<![CDATA[Reducing acute kidney injury incidence and progression in a large teaching hospital]]>

Acute kidney injury (AKI) is a common syndrome that is associated with significant mortality and cost. The Quality Improvement AKI Collaborative at Salford Royal Foundation Trust was established to review and improve both the recognition and management of AKI. This was a whole-system intervention to tackle AKI implemented as an alternative to employing separate AKI nurses. Our aims were to reduce the overall incidence of AKI by 10%, to reduce hospital-acquired AKI by 25% and to reduce the progression of AKI from stage 1 to stage 2 or 3 by 50%.

From 2014 to 2016, several multifaceted changes were introduced. These included system changes, such as inserting an e-alert for AKI into the electronic patient record, an online educational package and face-to-face teaching for AKI, and AKI addition to daily safety huddles. On 10 Collaborative wards, development of an AKI care bundle via multidisciplinary team (MDT) plan, do, study, act testing occurred.

Results showed a 15.6% reduction in hospital-wide-acquired AKI, with a 22.3% reduction on the collaborative wards. Trust-wide rates of progression of AKI 1 to AKI 2 or 3 showed normal variation, whereas there was a 48.5% reduction in AKI progression on the Collaborative wards. This implies that e-alerts were ineffective in isolation. The Collaborative wards’ results were a product of the educational support, bundle and heightened awareness of AKI.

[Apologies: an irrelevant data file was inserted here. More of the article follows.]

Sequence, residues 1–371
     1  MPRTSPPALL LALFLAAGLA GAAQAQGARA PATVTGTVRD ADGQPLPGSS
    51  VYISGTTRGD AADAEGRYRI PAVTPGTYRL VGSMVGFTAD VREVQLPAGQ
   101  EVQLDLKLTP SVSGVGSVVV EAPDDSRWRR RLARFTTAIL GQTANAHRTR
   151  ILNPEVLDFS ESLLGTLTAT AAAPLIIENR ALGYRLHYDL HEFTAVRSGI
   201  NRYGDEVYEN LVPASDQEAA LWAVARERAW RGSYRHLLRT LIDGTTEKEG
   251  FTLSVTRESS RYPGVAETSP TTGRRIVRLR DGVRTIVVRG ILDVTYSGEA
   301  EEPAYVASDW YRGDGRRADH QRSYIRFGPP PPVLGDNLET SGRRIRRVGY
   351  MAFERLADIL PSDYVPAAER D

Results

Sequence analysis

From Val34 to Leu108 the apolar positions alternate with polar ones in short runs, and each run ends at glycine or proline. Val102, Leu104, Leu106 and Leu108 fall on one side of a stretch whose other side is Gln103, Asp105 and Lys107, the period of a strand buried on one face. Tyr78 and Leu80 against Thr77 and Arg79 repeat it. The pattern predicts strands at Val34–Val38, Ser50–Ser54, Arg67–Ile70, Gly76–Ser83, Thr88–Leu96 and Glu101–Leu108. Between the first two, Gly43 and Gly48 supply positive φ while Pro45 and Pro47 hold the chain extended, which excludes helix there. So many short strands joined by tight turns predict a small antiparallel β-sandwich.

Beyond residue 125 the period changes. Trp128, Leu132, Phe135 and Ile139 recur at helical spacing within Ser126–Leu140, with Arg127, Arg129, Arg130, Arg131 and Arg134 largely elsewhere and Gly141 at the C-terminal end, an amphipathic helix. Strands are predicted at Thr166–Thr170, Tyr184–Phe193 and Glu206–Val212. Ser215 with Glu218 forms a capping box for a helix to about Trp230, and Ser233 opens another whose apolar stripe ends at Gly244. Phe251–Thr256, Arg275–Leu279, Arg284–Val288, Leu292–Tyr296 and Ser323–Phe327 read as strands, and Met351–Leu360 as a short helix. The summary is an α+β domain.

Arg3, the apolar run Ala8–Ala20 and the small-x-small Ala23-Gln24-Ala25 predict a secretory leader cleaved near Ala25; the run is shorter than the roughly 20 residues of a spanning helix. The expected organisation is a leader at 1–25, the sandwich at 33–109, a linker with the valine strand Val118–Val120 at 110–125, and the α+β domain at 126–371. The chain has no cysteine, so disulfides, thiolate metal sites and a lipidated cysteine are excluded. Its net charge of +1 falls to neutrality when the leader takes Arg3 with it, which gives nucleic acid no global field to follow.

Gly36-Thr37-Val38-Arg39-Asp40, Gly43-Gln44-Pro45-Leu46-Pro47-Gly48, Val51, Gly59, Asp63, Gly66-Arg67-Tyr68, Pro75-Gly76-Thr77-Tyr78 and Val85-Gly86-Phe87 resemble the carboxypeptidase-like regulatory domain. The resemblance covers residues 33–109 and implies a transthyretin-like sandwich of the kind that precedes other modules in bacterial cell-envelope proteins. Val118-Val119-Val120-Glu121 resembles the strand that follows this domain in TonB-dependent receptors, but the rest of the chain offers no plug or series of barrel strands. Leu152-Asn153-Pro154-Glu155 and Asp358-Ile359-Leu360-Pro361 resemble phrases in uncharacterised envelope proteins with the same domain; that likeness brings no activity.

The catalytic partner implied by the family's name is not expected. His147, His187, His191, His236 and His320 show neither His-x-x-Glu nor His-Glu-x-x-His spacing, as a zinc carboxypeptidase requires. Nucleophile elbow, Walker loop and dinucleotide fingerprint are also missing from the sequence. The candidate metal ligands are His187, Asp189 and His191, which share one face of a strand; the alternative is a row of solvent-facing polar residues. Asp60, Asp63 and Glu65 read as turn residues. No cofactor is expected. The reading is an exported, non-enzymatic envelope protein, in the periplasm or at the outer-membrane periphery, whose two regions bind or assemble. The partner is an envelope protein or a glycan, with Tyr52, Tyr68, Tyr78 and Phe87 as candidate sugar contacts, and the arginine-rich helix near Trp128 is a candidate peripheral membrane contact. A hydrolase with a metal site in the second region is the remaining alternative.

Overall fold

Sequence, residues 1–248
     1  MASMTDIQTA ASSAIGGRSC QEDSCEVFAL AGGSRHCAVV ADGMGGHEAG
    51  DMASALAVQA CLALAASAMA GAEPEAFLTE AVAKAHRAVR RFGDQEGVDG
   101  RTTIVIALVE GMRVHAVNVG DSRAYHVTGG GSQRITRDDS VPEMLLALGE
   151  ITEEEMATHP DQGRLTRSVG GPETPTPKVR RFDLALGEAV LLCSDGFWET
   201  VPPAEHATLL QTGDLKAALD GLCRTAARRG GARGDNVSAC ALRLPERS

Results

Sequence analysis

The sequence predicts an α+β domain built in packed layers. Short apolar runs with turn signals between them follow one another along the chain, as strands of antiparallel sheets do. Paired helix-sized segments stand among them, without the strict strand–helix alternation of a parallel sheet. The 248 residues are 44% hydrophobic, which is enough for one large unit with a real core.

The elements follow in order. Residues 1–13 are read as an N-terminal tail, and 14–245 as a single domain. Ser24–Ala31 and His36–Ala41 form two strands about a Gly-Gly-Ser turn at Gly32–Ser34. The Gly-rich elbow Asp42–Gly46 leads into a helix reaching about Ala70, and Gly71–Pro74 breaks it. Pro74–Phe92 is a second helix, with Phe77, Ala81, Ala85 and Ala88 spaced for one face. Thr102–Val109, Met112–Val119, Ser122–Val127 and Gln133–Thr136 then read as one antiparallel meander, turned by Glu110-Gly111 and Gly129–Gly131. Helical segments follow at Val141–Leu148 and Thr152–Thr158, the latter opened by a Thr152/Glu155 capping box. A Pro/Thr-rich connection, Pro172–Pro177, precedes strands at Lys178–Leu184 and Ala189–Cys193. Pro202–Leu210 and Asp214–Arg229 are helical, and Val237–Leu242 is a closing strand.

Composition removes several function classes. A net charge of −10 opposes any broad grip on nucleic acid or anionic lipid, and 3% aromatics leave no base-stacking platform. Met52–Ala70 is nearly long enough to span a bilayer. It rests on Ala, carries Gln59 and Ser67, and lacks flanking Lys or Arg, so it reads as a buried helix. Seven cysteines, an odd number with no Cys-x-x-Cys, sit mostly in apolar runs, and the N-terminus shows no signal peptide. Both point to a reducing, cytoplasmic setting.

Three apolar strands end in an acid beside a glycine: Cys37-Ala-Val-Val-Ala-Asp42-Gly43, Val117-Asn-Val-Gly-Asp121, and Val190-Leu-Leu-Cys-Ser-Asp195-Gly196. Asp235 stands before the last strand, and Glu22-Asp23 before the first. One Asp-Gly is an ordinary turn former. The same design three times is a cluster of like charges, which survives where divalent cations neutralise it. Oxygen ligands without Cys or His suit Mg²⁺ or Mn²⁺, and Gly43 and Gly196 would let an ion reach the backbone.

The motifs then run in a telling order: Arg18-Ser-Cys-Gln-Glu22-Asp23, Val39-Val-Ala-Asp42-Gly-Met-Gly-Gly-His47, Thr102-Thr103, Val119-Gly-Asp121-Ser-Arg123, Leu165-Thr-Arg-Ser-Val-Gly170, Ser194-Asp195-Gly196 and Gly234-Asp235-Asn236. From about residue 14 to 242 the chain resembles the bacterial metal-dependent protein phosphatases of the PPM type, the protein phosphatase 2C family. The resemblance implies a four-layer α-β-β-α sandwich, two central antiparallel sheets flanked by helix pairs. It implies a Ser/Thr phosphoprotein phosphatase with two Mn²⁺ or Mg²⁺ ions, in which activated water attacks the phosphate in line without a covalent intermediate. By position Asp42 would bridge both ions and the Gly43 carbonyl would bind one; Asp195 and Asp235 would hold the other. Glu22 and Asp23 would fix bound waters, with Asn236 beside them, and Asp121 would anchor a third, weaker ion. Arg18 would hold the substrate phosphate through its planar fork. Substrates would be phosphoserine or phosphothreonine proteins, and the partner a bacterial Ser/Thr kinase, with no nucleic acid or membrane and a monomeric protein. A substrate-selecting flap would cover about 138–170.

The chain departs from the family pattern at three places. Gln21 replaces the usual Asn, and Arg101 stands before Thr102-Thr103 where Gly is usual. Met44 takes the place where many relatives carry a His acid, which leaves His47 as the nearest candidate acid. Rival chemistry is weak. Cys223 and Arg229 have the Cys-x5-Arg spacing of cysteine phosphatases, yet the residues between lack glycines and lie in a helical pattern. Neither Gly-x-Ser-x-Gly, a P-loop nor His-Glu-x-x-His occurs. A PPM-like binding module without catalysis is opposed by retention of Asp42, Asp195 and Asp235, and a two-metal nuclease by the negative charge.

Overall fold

A number of acute hospitals have demonstrated impactful successes in AKI reduction centred on a dedicated AKI nurse model plus e-alerting with supporting changes. This project adds value by highlighting another approach that does not require a new post with attendant rolling costs and risks. We believe that our approach increased our efficacy in acute care in our front-line teams by concentrating on embedding improved recognition and actions across the MDT.

<![CDATA[Testing of the ‘Always Events’ approach to improve the patient experience in the emergency department]]>

Maintaining quality of care and meeting patient expectations in the face of rising demand within emergency departments (ED) is a significant challenge for clinicians. This study tested the Always Events (AE) approach as a means to identify AE’s relevance to patient care in the ED and act on this to address patient concerns. The project team looked to identify aspects of care patients would like to see improved within the minor injuries stream (MIS). Following triage, patients typically have presentations that do not require admission and require a single interaction with a clinician. Interventions seeking to improve patient experience were created and impact was monitored using patient feedback using a quality improvement (QI) framework.